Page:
Tribes seek limit on wild rice bioengineering (20/4/2007)

Tribes seek limit on wild rice bioengineering
Timberjay Newspapers [USA], April 20 2007 Volume 18, Issue 16

Tribal officials as well as supporters of sustainable agriculture are turning to the Legislature in hopes of heading off genetic alterations to one of the Ojibwe culture's most sacred foods - manoomin, otherwise known as wild rice.

Tribal officials, like Bois Forte Tribal Chairman Kevin Leecy, say they can't afford to allow scientists to manipulate the wild rice genome, and they're hoping a Senate bill (SF 2103) introduced last month, will hold such research at bay, at least for now. The measure would require an environmental impact statement before any open-air tests of genetically-engineered wild rice could be conducted. It would also require the Department of Natural Resources to identify and assess threats to natural stands of wild rice in the state.

The bill was passed out of two Senate committees, including the Finance Committee, last week.

In testimony on the bill before the Senate Government Operations and Oversight Committee last week, Leecy noted the extraordinary steps the Bois Forte have taken to protect the wild rice crop on Nett Lake. "No motorized boats are allowed on Nett Lake, the dam is carefully monitored and we have invested in the most modern equipment to clear the lake's seven inlets and outlets and keep the waters alive," he said.

Leecy said the prospect of genetically-altered wild rice escaping test plots is the concern that is fueling opposition to the idea. "History has shown that it is hard to contain these things in test plots," said Leecy during an interview with the Timberjay late last week. "Supposed improvements of white rice led to contamination, which cost the white rice industry $100 million in the southern U.S."

Leecy, who was recently named chairman of the Indian Legislative Affairs Council, has been busy lobbying in recent weeks on several issues, but this one, in particular, has the attention of tribal officials. "We're taking a strong stand against it," Leecy said.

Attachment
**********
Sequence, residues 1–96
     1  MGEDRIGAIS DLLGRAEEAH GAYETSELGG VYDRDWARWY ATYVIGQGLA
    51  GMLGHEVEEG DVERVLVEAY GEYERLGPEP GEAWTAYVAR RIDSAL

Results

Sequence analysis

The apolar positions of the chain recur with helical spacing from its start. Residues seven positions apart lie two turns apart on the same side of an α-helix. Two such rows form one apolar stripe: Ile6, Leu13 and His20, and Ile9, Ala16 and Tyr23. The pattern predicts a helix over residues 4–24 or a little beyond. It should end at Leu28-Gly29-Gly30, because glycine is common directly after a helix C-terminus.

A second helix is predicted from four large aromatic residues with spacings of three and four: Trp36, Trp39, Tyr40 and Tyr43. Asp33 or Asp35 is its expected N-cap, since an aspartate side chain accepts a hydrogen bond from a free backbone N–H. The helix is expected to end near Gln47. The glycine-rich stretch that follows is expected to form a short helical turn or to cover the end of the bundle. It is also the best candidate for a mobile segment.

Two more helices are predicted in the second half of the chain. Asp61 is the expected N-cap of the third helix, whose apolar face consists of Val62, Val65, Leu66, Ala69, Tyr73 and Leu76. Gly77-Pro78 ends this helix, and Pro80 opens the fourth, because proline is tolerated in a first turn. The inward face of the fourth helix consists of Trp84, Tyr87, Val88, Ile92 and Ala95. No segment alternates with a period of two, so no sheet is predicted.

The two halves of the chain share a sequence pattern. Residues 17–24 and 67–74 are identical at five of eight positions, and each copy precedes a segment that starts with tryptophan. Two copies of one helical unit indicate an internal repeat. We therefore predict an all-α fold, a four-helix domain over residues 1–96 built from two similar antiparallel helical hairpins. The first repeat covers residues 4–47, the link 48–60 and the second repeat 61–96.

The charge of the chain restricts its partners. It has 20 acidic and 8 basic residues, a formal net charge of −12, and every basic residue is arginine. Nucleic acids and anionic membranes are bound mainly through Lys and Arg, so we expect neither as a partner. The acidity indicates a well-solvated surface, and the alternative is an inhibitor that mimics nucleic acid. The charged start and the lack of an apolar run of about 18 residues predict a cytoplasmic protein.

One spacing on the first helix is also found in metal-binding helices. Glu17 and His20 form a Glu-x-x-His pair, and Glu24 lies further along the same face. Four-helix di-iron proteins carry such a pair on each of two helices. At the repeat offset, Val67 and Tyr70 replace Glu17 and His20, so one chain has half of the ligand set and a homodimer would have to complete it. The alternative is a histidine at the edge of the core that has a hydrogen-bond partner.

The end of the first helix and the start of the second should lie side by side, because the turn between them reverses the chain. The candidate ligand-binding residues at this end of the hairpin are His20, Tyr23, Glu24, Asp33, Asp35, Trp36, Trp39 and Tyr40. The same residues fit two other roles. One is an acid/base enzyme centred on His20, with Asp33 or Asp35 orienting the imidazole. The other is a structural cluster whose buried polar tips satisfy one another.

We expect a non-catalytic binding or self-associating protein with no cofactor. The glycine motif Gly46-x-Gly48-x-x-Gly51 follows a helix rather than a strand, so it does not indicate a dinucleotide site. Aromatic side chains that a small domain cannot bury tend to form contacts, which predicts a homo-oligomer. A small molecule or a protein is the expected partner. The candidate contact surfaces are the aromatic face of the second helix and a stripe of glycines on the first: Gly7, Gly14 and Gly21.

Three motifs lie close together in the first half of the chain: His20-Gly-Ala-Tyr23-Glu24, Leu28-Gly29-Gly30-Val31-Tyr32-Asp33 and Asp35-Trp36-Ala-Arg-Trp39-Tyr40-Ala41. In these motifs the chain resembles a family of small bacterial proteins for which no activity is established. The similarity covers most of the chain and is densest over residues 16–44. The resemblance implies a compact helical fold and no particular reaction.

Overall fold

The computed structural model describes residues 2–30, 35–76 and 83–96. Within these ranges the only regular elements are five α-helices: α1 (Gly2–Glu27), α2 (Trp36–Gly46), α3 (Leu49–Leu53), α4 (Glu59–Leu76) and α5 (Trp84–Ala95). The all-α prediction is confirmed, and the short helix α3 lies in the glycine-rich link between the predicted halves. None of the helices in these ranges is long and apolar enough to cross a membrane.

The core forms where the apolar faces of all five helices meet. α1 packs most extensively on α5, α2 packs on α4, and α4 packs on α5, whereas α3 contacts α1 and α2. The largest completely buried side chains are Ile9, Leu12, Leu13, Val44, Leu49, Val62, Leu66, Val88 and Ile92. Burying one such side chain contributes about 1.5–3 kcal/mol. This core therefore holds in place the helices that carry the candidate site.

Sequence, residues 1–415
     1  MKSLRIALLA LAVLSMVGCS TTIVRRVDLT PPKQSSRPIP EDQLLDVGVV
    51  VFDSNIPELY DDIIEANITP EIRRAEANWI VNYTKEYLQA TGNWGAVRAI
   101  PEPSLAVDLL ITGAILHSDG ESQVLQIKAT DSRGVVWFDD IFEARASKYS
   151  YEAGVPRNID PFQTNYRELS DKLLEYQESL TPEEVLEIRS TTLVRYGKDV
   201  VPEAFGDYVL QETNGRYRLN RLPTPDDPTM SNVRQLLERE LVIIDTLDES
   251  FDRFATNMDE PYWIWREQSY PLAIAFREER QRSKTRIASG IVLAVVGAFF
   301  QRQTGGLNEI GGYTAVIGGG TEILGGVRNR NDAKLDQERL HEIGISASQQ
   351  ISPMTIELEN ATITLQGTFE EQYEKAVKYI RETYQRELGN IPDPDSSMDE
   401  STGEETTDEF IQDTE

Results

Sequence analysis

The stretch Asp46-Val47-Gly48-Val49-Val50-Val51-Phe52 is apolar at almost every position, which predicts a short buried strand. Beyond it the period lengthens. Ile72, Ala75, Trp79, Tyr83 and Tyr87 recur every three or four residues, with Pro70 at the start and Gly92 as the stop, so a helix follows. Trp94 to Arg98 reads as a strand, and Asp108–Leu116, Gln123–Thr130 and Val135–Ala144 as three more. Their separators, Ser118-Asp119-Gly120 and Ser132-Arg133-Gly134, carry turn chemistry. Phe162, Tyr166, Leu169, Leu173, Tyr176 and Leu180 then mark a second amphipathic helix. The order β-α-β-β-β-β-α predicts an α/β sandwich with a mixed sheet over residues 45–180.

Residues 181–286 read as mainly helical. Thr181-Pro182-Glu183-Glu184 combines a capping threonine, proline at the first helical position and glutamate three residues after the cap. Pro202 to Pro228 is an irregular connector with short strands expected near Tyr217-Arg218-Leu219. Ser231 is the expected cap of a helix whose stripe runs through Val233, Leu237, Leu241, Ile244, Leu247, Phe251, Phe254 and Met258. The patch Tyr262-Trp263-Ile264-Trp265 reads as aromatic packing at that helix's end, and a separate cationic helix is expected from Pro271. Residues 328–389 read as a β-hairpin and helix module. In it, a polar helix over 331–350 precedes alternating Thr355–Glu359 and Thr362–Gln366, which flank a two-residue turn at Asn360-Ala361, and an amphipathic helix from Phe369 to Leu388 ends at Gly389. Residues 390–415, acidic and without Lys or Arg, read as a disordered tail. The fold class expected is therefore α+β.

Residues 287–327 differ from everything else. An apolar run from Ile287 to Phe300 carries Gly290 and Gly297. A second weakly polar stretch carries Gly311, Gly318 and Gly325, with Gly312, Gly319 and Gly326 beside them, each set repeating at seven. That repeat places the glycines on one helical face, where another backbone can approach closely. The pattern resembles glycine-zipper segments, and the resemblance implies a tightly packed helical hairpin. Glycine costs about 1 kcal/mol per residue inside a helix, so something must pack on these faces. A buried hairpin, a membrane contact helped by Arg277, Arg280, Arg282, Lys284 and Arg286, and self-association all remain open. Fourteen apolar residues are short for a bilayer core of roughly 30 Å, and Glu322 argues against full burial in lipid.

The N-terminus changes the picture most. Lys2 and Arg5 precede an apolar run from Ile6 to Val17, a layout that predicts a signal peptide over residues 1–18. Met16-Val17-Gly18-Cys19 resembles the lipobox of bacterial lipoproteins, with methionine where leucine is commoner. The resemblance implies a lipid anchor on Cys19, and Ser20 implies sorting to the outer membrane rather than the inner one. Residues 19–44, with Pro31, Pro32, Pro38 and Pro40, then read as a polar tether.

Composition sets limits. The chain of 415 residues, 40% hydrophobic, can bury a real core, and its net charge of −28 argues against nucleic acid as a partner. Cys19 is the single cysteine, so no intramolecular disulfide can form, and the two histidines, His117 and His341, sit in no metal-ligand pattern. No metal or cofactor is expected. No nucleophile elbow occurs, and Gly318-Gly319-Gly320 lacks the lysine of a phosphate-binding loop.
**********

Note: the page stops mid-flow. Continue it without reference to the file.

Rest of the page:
Tribal concerns about the threat appear legitimate. Dennis Olson, director of the Institute of Agriculture and Trade Policy, told senators in testimony last month that no technology exists "to segregate genetically engineered from non-genetically engineered crops." Opponents of genetically modifying wild rice say it could be even more difficult to control than many crops, because it is widely consumed or otherwise carried by migrating waterfowl, which could easily spread altered rice seeds to other lakes in the state. Pollen from those plants could quickly enter the genome of natural wild rice beds, with unknown consequences to the health of those stands and the wildlife that depends on wild rice.

Potential impact to wild rice economy

Such contamination could have a significant impact as well on efforts by the Bois Forte and other tribes to market their wild rice. With the increasing consumer preference for natural foods, Bois Forte officials are readying a major marketing push to introduce their Nett Lake rice to an upscale gourmet foods market. "We're emphasizing the premium quality," said Andy Datko, CEO of the Bois Forte Development Corporation, which is spearheading the effort. The band has developed a new website ( that will help educate consumers, using sound and video, on how real wild rice is harvested and processed, and why it is a superior product to farm-raised paddy rice. Datko said the re-branding of the product will be combined with new outlets for selling the rice. In addition to the website, the band will be selling the premium rice through the WELY radio station, the band-owned Y Store, and the Fortune Bay gift shop. "We also want to get it on cooking shows," said Datko, "to get it more exposure."

The upscale marketing push will also help support an increase in the price for Nett Lake rice. The website will sell premium rice at about $15 a pound, $10 a pound for broken rice. That's more than the product has typically sold for, but Datko said that's unlikely to be an issue for a goumet food.

But contamination from genetic modification could derail such marketing efforts, tribal officials fear, especially in some foreign markets, such as Europe, where concern about genetic engineering is more widespread than in the U.S.

Well-known White Earth activist Winona LaDuke, made that same point during Senate testimony favoring legislation to protect wild rice. She said genetic contamination would likely close off markets in countries like Germany, Italy, and Japan - countries which prohibit the importation of genetically-modified foods.

Political arguments in play

A few individuals have testified in recent weeks against the proposed wild rice protections. Beth Nelson, president of the Minnesota Cultivated Wild Rice Council suggested the legislation is premature, because it is currently too expensive to conduct genetic modification of wild rice. And Ron Phillips, a University of Minnesota agronomist, urged the Legislature against closing off a potential line of research for the university. Phillips, however, was speaking for himself, not the university.

Leecy said despite its usual concern for academic freedom, the University of Minnesota has taken a neutral stand on the wild rice protections. And at least one other U of M professor has testified in favor of the protections.


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